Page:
News & Events
Berkshire Medical Center Nurses Send Clear Message to Hospital with Overwhelming Strike Authorization Vote: Agree to a Fair Contract that Protects Patient Care
PITTSFIELD, Mass. – Despite Berkshire Medical Center’s enormous profitability, for 16 months hospital administrators have refused to improve nurse staffing, ensure safe patient care or provide affordable health insurance, prompting registered nurses to vote overwhelmingly a second time on Tuesday to authorize a potential one-day strike.
Nurses voted 82 percent to authorize the BMC RN Bargaining Committee to call for a one-day strike if necessary. No strike is scheduled at this point. If a strike were to be called by the committee, nurses would be required by law to provide a 10-day notice to the hospital.
“Our community and our patients need to be able to hold Berkshire Medical Center accountable for providing safe patient care at all times,” said Alex Neary, Co-Chair of the BMC RN Bargaining Committee. “We brought our concerns to the public with a one-day strike in October and since then hospital administrators have refused to move on our key issues. This is completely unacceptable. It is why today nurses have sent a clear message to BMC: Negotiate a fair contract that protects our patients!”
Berkshire Medical Center is highly profitable. Over the last five years, BMC has made a profit of more than $207 million, according to the Center for Health Information and Analysis. In 2016 alone, BMC posted a profit of $47.2 million. That is a margin of 9.7% – more than three times the state and regional averages of 3%, making it a real outlier among profitable hospitals. Read the CHIA BMC data here.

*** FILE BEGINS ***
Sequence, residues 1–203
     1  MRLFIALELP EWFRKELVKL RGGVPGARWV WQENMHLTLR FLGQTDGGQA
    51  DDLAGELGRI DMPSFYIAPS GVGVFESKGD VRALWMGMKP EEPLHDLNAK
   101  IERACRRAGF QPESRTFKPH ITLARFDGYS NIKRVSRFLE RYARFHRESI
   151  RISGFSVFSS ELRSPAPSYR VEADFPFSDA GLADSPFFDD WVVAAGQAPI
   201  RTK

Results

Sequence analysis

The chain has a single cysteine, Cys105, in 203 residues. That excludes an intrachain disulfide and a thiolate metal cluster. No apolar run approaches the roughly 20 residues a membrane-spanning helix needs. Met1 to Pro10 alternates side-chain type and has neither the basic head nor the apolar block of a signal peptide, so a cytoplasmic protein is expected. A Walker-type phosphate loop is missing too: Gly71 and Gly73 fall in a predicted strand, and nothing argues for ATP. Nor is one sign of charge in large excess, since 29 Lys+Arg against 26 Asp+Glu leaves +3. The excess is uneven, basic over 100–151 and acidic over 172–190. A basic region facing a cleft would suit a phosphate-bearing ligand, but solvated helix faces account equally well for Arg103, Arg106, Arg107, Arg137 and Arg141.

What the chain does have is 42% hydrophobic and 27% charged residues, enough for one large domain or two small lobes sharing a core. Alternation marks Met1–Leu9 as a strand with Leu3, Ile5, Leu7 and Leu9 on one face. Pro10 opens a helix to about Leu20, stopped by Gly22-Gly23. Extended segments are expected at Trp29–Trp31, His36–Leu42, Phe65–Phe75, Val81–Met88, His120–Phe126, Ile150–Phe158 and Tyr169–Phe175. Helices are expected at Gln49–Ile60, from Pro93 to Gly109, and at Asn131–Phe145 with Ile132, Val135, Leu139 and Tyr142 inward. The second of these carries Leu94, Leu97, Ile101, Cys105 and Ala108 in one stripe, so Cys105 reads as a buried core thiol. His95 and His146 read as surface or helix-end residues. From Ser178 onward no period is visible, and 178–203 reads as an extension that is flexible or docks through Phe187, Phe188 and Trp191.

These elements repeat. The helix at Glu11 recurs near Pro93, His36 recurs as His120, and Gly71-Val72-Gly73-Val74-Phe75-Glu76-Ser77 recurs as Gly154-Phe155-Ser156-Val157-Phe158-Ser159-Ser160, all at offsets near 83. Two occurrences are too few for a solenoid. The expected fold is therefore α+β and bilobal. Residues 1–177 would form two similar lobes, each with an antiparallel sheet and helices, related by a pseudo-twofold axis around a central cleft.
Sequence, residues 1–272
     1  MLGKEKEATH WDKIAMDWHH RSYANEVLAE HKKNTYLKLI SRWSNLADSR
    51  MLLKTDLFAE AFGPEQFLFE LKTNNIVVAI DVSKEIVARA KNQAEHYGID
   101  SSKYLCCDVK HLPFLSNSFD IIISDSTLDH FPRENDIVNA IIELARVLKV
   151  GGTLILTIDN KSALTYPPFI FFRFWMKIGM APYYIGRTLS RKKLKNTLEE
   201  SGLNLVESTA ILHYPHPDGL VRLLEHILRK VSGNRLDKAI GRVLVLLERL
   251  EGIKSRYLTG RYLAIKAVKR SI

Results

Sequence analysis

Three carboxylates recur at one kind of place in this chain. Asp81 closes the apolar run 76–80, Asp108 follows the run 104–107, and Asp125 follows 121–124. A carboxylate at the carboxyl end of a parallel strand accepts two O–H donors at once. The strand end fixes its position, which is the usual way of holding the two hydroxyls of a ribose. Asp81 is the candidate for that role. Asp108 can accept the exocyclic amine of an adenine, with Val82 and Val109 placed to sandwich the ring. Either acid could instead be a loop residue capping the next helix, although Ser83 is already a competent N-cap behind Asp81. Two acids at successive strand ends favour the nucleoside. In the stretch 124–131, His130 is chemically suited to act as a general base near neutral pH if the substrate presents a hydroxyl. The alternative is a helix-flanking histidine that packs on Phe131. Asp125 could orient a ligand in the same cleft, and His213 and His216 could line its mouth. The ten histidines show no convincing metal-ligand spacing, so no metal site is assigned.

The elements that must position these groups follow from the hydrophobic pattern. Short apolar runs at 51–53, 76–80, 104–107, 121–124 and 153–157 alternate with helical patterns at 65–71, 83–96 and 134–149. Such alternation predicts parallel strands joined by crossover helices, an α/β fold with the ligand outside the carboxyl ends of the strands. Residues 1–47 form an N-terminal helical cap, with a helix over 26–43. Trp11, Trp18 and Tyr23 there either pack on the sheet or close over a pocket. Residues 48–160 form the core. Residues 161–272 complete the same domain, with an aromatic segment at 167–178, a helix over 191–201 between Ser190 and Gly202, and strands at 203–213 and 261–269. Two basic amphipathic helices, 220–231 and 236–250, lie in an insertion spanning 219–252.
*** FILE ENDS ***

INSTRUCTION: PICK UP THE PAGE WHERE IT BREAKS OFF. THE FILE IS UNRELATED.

“The number one priority of a hospital should be to provide safe, quality patient care,” said Gerri Jakacky, Co-Chair of the BMC RN Bargaining Committee. “Our nurses have for years identified problems, and for years BMC has ignored our concerns. Why won’t hospital administrators take the money they get from the public and use it to ensure the public is safe rather than spend it on forcing nurses to strike and locking them out of their own hospital for days afterward? Our proposals to eliminate or limit patient assignments for charge nurses and maintain nurse staffing at the hospital’s own current level are reasonable ways to ensure patient safety.”
The nearly 800 BMC nurses have been negotiating a new contract since September 2016. Nurses held a one-day strike on October 3 and were then locked out of the hospital by BMC management for four additional days. The next bargaining session is scheduled for January 25. Negotiations include a federal mediator.
Since the nurses’ one-day strike they have taken numerous public actions, including holding additional informational pickets, rallies, sign-holding in Park Square and the delivery of a petition to Berkshire Health Systems trustees calling on them to take swift action.
There have been four bargaining sessions since the strike. During the last session on January 9, nurses spent the day attempting to negotiate staffing improvements. Unfortunately, management offered a counter proposal that did not include actual improvements: No charge without an assignment or a limited assignment, and management retaining the right to cut staffing grids.
For more details on negotiations go to http://massnurses.org/news-and-events/p/openItem/10764 or contact Joe Markman at email@example.com.